We caught-up with Sigma’s CEO at Photokina to discuss the company’s purple patch and to hear about the plans for more high-end lenses.
Looking back four years, Kazuto Yamaki (Sigma’s CEO) says that high-end photographers didn’t care about Sigma. The lenses were seen as a cheaper alternative, something you only bought if you couldn’t afford your camera manufacturer’s glass.
But the introduction of Sigma’s Art lens line has changed that and convinced many people that Sigma has something to offer serious photographers.
Yamaki says that Sigma will continue to refresh its lens range over the coming years and will introduce more high-end optics, stating ‘high-end is the future’. The company is also going to continue to innovate by introducing lenses that go beyond mere upgrades of existing optics.
Sigma’s 50-100mm f/1.8 Art lens, for example, was the first first telephoto zoom to have a constant aperture of f/1.8 and Yamaki is planning more of that ilk saying ‘we need to innovate to create demand, there will be more World-first lenses.’
While more high-end lenses are good news for dedicated photographers, there’s a clear benefit to the manufacturers. Enthusiast and professional photographers are loyal to photography and high-end equipment, they make repeated purchases.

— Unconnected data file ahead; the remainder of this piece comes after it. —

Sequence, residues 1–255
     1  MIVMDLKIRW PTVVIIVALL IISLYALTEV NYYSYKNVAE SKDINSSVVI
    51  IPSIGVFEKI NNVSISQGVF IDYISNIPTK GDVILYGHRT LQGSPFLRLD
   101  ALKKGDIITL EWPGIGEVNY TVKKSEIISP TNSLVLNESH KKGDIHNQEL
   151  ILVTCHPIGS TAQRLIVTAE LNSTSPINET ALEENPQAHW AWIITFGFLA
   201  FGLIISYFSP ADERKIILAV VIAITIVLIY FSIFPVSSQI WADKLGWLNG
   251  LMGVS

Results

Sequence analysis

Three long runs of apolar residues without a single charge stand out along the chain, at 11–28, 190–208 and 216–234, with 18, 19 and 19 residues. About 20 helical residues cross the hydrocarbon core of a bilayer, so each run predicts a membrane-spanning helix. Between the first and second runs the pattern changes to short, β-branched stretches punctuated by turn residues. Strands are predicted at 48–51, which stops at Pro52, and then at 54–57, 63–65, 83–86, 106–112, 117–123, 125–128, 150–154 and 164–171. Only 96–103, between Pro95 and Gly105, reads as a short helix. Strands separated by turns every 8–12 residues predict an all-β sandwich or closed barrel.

Sigma Contemporary, Sport and Art lenses
At Photokina 2012 Sigma announced that its future lenses would be organised into three categories: Contemporary, Art and Sport (C, S and A). The more affordable of the three lines, the Contemporary lenses are relatively small and light-weight for their focal length.
Meanwhile the Sports optics, have higher-level optical performance and are bigger and heavier. The Art lens line has proved particularly popular, covering a range of focal lengths and uses with the aim of offering the highest possible optical quality and large apertures.